Thanks to Peter Turchin and Michael Hochberg for creating and managing the Social Evolution Forum, which has become an excellent arena for high-level discussion. Thanks also to my colleagues who took the time to write commentaries and to readers who responded with their comments. In addition to this general reply, I have also provided comments in the ‘response’ section of each commentary.
Equivalence check: Superficially, it appears that two commentators (Pagel and Sanderson) agree with my assessment about cooperation but not about group selection, while the others (Hewson, Zimmerman, Hochberg and Whitehouse, Bulbulia, Greenhill, and Gray) are more accepting of group selection. In fact, Pagel and Sanderson are just as accepting of group selection when terminological issues are resolved. In a previous essay published in the Social Evolution Forum, (Wilson 2012), I focused on the concept of equivalence, whereby scientific frameworks are different but worthy of coexistence. Equivalence requires an ability to understand and translate between frameworks, similar to translating between languages. Scientists who insist on employing only one framework run the risk of committing errors comparable to “I don’t speak Russian; therefore everything stated in Russian is wrong.”
This kind of error is on display in the comments by Pagel and Sanderson. The ‘language’ of multilevel selection is easy to speak. It involves identifying where fitness differences exist in a multi-tier hierarchy of units. I clearly indicate my use of the multilevel framework in my target essay, as in this passage concerning the evolution of any given genetic trait: “…did it evolve by virtue of increasing the fitness of genes relative to other genes within the same organism, individuals relative to other individuals within groups, or groups relative to other groups in the total population?”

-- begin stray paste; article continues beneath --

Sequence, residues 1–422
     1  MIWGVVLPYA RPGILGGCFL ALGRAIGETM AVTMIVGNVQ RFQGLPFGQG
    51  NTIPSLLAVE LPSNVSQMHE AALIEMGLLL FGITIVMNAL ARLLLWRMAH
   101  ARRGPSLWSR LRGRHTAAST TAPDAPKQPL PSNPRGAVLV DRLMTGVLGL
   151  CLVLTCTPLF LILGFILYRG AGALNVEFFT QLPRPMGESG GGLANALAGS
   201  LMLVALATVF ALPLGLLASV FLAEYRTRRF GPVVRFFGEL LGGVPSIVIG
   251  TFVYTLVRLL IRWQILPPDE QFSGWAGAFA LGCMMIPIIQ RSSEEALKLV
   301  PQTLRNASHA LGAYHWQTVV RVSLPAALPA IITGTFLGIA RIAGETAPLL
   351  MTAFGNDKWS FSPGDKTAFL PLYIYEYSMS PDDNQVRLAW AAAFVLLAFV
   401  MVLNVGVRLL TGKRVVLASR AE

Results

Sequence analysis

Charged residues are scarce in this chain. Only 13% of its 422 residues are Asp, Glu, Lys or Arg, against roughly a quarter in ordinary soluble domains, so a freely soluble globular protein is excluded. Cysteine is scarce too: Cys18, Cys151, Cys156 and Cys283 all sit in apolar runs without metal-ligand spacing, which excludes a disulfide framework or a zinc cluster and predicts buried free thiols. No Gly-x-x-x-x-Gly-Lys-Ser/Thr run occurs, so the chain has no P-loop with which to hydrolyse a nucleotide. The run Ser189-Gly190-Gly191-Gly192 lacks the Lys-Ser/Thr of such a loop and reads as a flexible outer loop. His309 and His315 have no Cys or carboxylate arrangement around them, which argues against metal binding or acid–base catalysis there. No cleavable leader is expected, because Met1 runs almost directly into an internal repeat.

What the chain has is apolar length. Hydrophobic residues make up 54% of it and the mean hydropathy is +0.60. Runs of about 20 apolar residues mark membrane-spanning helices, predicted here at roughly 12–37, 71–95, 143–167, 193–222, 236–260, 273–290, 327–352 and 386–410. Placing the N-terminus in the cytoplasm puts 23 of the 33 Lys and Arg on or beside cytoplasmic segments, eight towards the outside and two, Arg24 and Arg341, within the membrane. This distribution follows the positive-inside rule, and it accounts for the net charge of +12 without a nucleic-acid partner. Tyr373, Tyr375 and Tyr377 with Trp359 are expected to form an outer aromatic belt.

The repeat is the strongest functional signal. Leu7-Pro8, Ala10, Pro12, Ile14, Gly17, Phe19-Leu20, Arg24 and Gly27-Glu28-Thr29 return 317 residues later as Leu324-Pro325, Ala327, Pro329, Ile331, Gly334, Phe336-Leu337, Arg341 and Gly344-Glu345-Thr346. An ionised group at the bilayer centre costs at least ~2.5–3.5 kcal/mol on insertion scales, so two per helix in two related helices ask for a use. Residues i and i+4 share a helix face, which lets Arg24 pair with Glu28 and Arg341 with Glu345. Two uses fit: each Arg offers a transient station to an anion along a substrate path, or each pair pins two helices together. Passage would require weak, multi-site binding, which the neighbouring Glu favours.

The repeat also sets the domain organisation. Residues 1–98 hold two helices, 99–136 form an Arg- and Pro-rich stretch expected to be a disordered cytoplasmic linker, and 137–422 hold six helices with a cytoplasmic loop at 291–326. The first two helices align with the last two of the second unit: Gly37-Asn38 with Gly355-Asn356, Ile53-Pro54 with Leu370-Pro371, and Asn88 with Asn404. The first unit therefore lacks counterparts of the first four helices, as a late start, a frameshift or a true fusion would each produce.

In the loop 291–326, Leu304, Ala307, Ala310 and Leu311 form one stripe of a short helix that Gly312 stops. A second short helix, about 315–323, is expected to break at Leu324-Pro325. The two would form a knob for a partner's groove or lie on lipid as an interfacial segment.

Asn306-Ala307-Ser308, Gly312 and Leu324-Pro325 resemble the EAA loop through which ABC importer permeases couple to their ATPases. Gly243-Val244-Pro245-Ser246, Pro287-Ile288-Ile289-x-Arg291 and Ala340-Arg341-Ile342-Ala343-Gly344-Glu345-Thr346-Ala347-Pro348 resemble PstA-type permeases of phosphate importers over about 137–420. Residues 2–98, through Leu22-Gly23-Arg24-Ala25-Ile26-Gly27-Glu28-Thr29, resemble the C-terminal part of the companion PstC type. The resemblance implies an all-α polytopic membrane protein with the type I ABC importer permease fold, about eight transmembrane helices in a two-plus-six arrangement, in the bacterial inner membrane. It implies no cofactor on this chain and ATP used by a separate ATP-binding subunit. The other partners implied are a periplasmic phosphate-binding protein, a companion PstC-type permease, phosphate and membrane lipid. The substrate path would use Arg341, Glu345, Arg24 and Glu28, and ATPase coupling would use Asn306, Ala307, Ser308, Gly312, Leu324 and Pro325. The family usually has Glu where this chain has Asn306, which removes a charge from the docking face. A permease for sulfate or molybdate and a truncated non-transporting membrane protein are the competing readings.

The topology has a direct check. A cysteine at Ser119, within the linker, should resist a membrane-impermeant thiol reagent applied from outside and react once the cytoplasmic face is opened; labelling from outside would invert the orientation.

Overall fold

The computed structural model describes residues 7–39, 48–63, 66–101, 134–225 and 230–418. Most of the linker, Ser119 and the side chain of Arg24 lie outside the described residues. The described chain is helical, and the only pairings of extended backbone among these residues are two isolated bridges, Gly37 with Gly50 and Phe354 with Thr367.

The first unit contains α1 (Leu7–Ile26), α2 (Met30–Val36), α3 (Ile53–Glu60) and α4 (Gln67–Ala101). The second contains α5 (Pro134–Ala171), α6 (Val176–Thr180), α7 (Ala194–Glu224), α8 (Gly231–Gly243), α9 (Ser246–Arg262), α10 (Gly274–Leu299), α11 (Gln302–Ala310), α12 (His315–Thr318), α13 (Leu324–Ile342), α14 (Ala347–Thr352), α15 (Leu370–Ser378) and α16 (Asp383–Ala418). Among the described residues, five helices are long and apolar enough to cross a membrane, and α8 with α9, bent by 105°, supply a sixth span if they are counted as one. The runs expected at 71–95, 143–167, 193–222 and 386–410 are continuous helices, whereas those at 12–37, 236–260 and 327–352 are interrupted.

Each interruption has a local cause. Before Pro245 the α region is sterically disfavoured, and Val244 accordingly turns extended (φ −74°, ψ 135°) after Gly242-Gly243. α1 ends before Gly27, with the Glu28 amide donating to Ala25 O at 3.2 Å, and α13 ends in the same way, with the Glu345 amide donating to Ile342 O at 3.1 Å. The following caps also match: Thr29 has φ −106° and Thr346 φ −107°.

Pagel and Sanderson are either unable or unwilling to speak this language. Consider this passage by Pagel: “In the simplest case, imagine that you inhabit a group of two and that by helping each other you can achieve more than twice as much as the two of you working alone. Now ramp this scenario up to a larger group. …The returns from cooperation means that what looks like altruism, is really a form of enlightened self-interest.”
Pagel is not speaking the language of multilevel selection theory. If he did, he would see that there are no fitness differences among cooperators within single groups in his example. The fitness differences exist at the group level—groups of cooperators contribute more to the total gene pool than groups of non-cooperators or solitary individuals. If cooperation is cost-free, then the trait is neutral with respect to within-group selection and evolves by between-group selection given any variation among groups. If cooperation involves any private cost, then cooperators are less fit than non-cooperators within groups, which between-group selection must overcome for cooperation to evolve in the total population.
Or consider this statement by Sanderson: “Of course there are cultural traits that may benefit the group as a whole. But all this can mean is that these traits benefit all of the individual members of a group”. Sanderson is not speaking the language of multilevel selection. If he did, he would see that there are no fitness differences among individuals within groups. Natural selection requires fitness differences, and fitness differences at the group level are required for the cooperative trait to evolve in the total population in his own example.
I do not insist that my colleagues speak the language of multilevel selection in their own work. I appreciate that terms such as “self-interest” and “altruism” can be defined in numerous ways; e.g., in terms of absolute fitness rather than relative fitness within groups. But before I brand their results as wrong, I do an equivalence check by translating their examples into my preferred framework. This is what Pagel and Sanderson fail to do in their commentaries.